Lake Eufaula Fishing Report – February 2010
Eufaula: Level: 0.8 feet above full pool. Temp: 38-45 degrees. Clarity: Stained.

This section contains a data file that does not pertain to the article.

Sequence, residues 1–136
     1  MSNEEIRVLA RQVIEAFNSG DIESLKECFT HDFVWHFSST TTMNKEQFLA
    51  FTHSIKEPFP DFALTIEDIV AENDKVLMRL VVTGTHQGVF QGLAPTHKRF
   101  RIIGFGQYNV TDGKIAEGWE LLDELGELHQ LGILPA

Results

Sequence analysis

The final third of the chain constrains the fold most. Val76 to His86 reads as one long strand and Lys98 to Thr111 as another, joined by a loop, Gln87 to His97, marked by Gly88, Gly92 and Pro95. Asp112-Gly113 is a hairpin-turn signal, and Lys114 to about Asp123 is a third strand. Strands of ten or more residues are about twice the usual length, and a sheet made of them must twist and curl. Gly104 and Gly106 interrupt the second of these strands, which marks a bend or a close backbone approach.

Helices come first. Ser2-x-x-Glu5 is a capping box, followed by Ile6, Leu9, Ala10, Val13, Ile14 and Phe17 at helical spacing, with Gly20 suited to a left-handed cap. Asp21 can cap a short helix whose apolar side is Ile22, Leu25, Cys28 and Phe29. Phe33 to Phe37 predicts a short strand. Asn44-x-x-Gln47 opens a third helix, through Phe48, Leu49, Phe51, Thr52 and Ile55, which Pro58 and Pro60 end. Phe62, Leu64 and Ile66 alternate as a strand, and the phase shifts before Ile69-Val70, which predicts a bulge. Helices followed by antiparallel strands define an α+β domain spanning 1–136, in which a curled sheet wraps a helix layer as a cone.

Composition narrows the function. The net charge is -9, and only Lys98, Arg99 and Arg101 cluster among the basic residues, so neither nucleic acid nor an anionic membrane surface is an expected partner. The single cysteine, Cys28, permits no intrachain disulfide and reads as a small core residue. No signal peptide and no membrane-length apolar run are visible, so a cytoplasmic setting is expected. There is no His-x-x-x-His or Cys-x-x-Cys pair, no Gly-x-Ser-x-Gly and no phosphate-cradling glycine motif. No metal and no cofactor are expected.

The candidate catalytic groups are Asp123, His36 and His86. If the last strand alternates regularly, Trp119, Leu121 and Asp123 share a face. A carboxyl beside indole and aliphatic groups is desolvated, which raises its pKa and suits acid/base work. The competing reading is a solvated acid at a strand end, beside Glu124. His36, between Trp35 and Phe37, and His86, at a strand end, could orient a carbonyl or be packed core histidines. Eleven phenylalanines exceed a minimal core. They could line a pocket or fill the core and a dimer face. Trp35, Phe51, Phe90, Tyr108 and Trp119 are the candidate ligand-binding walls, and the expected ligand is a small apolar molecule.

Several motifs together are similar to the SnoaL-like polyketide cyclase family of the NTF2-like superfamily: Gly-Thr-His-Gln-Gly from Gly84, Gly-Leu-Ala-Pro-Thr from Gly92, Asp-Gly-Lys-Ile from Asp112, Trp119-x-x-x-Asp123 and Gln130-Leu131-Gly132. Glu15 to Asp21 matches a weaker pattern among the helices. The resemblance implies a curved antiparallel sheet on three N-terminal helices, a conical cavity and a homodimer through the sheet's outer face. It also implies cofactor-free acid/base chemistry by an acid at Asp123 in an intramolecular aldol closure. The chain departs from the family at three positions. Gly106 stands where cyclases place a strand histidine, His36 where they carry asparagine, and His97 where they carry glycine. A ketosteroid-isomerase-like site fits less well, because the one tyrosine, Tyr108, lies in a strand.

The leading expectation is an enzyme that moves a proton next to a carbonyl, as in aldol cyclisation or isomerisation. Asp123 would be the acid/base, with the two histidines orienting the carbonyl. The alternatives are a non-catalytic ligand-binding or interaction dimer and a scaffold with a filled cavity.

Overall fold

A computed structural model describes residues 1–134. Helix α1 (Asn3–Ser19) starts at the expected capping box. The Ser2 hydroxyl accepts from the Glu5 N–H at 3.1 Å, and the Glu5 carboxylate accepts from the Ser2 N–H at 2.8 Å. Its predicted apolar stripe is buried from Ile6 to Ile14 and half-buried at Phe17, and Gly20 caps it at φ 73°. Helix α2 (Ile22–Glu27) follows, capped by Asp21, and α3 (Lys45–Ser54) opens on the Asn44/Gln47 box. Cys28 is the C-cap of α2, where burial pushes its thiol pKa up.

Bass: Slow. Anthony Goggins reports, “The fish are holding shallow, as usual, although some are holding deep. Some can be found schooled up in the pockets off the main lake where they prefer to do their spawning. They will begin to bite spinnerbaits and topwater more as the water begins to warm. Eufaula is still averaging well over 15 pounds a day in tournaments. The water level has been fluctuating up and down about a foot during the week. Lots of the good spots to fish are guarded by armed duck hunters. When the water hits around 50 to 60 in the next few months, focus shallow with Terry Bowden’s Cold Steel Walking Stick or topwater frog, which always catches me a good sack in the spring.” Stephen McCord said the fish are super lethargic in these cold water temperatures, but having taken second in a recent tournament, he seems to have them figured out as well as anyone right now. He’s fishing the deep docks right now, in 12 to 18 feet of water as close as he can find them to the river channel. The fish are schooled up around bait, and once he finds them he’ll settle down on them to try and fill his limit. Start by searching under docks and around posts with a spinnerbait or a lipless crankbait. For search baits, Stephen likes an Xcalibur Xr75 in the Tennessee shad color for his rattling bait and a chartreuse/white or solid white spinnerbait with double, gold willowleaf blades. He’ll fish the spinnerbait all the way on the bottom just as slow as he can roll it, and he’ll yo-yo the Xr75 waiting for the strike while it flutters to the bottom. If he catches a fish, he’ll slow down and hit the dock about five more times. If he catches another, he’ll settle in and really pound it with either a worm or a jig. He likes a 1/4- or 3/16-oz. Texas rig so it will sink slow and stay in the strike zone. Terry Bowden’s Lizard Worm in pumpkin chartreuse or a 10-inch Zoom worm in red-shad green are both good worms to try. For the jig, stick with black/blue, and go with a 3/8- or 3/16-oz. Arkie or football head. Locate the baitfish and fish, and concentrate on the brush you find. As the water begins to warm in February, it’ll be time to start looking for prespawn fish and maybe some early bedding fish, said Stephen. Then it’ll be time to fish the points and secondary points with a Carolina rig, a jig or a Texas rig. The Xr75 will also come into play very heavily as the fish get more active.
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